Disasters like we saw this week laid bare the hidden systems that we take for granted. On a daily basis New York and our other cities depend on pumps to keep water from filling subways, tunnels and basements; sewers to evacuate waste and storm water from our streets; complex systems to deliver electricity, and allow us to communicate around the globe. It’s a wondrous system that regularly proves itself to be vulnerable to wear and tear, error and misuse. And on a regular basis, we take for granted that the vulnerability of our infrastructure is an irritation, rather than a growing threat to our health, safety and well being. But as Sandy plunged much of the east coast into a sustained wet darkness, the extent of the vulnerability of critical, fallible infrastructure seems like a new revelation.
It is not a new revelation, of course. However, this furious storm has clearly demonstrated (1) our deep dependence on fallible infrastructure, (2) the fundamental inadequacy of the infrastructure we assume will serve our needs, and (3) that we are in the midst of seriously changing weather and climate conditions that our infrastructure must address to protect our safety and well being. New York Governor Cuomo had it right when he said that ignoring "dramatic change in weather patterns is denying reality. We have a new reality, and old infrastructures and old systems.”
The news media is finally catching up to the changes in our climate and how this reality is connected to the devastating storms, fires, droughts and floods we are seeing across the country (and world). But the implications of these changes for public policy have not been grasped.
The impact of Hurricane Sandy is a sharp rebuke of willful ignorance, cynicism and political malfeasance. The storm has wreaked billions in damage on our economy and the systems we rely upon in daily American life. And billions will be spent to rebuild. The question before us, not just on the East coast, is should we simply be rebuilding the patchwork that exists, or finally pushing towards something newer and stronger?
Consider the matter of energy. Consolidated Edison predicted that it could take two weeks to get all of the power back up in New York after the damage inflicted by the storm. After rebukes from the mayor and governor, they have backed off that timeline, as they should -- it is simply too long for America’s biggest city to be without a functioning electrical grid. But the vulnerability on display is not limited to New York. It is a national problem, made clear every time we have heavy thunderstorms here in Chicago that knocks out service for tens of thousands of homes...
While watching the storm hit Manhattan, and seeing reporters standing nearly waist-deep in Battery Park flood waters, I could not help but think of my home town in the Midwest. Chicago’s combined sewer system begins to overflow after less than 1.5 inches of rain. And while the drought we have suffered through has prevented the issue in 2012, incidences of the Chicago River becoming overwhelmed by the storm water routed into it and reverting to its original flow back into Lake Michigan (brining billions of gallons of sewage into the body of water millions rely on) have been rapidly increasing in recent years.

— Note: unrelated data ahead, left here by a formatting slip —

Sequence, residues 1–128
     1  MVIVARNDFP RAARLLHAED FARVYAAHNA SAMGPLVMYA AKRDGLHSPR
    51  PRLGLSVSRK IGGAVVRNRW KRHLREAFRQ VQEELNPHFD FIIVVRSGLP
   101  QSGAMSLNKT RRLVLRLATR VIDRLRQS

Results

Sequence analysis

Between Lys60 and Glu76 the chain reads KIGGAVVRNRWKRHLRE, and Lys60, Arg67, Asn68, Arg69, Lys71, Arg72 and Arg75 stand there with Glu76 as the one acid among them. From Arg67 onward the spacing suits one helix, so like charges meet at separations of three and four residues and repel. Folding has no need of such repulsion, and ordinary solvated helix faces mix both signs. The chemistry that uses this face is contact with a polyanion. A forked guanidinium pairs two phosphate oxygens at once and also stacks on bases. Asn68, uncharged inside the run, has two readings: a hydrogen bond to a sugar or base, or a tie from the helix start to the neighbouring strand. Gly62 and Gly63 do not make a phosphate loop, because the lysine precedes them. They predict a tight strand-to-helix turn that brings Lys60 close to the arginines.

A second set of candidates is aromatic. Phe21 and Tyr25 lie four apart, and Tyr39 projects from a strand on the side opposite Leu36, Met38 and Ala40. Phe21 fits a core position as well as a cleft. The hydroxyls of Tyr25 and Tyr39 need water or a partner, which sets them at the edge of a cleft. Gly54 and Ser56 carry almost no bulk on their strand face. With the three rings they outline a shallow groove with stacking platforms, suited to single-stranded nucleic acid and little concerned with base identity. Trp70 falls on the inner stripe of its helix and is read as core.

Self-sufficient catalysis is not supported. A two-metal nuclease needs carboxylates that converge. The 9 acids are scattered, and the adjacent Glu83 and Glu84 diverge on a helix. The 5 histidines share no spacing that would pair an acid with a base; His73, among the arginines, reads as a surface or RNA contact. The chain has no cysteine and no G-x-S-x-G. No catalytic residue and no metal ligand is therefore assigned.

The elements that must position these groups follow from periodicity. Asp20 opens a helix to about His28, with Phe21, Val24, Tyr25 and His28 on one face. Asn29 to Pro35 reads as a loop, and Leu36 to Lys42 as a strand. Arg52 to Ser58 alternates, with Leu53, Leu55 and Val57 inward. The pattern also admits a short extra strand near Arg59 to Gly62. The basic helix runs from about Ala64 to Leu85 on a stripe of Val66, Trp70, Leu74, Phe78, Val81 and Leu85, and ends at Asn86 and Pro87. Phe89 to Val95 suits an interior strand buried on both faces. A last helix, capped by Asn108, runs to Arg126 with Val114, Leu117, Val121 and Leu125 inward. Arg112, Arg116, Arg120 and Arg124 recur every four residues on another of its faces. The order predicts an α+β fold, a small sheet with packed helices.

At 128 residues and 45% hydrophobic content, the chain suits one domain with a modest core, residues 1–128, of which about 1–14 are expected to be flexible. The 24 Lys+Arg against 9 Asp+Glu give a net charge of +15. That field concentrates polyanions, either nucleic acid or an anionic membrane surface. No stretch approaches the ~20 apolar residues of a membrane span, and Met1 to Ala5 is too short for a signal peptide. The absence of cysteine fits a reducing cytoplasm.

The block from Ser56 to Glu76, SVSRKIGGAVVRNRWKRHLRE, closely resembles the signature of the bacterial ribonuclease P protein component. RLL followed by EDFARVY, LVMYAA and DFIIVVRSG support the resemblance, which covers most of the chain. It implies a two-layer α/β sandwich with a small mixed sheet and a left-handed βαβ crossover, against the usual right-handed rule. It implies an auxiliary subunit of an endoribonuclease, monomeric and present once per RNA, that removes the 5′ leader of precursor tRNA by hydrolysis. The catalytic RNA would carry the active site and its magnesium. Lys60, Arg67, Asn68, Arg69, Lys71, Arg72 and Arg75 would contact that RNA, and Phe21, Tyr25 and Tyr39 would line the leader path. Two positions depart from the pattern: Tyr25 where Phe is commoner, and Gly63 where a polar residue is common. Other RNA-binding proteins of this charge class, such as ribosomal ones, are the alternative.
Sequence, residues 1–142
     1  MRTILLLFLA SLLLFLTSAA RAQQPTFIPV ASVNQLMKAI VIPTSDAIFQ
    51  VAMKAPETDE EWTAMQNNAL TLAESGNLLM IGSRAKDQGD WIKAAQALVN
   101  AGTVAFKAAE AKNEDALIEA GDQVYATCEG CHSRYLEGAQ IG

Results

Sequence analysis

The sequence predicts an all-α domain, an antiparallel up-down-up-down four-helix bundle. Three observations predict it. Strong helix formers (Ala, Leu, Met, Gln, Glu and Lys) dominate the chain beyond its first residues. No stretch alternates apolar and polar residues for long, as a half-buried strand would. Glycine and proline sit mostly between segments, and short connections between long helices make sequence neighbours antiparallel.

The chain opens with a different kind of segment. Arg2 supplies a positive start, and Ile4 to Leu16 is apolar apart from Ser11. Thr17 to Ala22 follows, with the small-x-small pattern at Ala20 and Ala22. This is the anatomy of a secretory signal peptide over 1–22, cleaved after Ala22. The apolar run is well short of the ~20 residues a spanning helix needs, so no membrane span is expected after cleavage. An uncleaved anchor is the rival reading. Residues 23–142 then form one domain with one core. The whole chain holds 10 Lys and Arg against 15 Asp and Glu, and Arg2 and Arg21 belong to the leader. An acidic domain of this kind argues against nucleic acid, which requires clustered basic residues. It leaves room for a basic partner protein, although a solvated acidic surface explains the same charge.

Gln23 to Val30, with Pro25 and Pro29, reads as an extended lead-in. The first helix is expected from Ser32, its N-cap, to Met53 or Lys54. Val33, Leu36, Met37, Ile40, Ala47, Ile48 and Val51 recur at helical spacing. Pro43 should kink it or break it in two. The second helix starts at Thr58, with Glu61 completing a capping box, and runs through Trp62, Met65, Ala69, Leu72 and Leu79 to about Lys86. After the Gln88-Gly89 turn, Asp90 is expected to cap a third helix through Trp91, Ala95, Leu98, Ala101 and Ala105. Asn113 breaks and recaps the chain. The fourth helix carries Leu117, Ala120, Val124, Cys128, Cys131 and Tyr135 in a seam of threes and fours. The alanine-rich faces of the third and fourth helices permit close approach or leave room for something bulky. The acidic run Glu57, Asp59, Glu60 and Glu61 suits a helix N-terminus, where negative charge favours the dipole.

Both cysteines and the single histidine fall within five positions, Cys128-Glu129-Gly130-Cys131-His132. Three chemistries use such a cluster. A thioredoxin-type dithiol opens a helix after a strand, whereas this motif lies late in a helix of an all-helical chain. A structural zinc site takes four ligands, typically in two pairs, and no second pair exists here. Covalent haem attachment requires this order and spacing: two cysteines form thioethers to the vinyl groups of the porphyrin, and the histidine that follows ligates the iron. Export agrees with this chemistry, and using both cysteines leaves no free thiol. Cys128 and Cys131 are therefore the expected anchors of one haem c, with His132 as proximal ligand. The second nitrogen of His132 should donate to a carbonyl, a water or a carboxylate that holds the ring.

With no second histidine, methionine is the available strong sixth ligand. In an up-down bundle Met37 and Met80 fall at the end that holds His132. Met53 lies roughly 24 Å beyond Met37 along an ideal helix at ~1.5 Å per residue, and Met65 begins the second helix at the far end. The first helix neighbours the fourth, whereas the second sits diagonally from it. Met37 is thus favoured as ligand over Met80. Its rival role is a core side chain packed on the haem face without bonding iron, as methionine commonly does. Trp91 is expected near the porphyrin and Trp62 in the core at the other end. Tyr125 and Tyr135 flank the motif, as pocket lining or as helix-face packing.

Here, in Chicago, we are also about to make massive infrastructure investments. Chicago Mayor, Rahm Emanuel, has begun to move on this issue, putting together an infrastructure trust and ramping up the sewer replacement program to eliminate some of the century-plus infrastructure still under our streets. It’s a beginning. And other big investments are on the near horizon as the Metropolitan Water Reclamation district begins replumbing their facilities on the river to stop dumping undisinfected waste into the waterway; Chicago’s grid will undergo significant changes with the decommissioning of two ancient coal plants that had been at its core; and ComEd will be undertaking a smart grid process throughout the region. Those add up to change -- but what kind? There is much work to rethink how we deal with water and energy in our metropolis to meet the new challenges of a changed global environment, and the increasing strains we will encounter in a transforming climate regime.
We need to get serious about the real nature of the challenges that we face as a people and nation. We need to make decisions, and invest in critical infrastructure and policies that are grounded in reality, science and the moral values that respect citizens as irreplaceable members of a vital, just society. We need to rethink, redesign and reinvest in effective infrastructure that makes modern life possible has not yet made it into the national discussion and decision-making mix.
As we watch the travails on the East Coast, we are reminded what it means to be forcefully removed from the cocoon of safety and comfort afforded to us by these systems. It is ugly and we hope conditions change quickly. No doubt, Hurricane Sandy was a monster storm. But we know more monsters are coming. We’ve been schooled by this storm, like we were by the unprecedented tornados, floods, and fires over the past several years. It is time to learn our lessons, and prepare on the East Cost, here in Chicago and across the nation.
This post originally appeared on NRDC's Switchboard blog.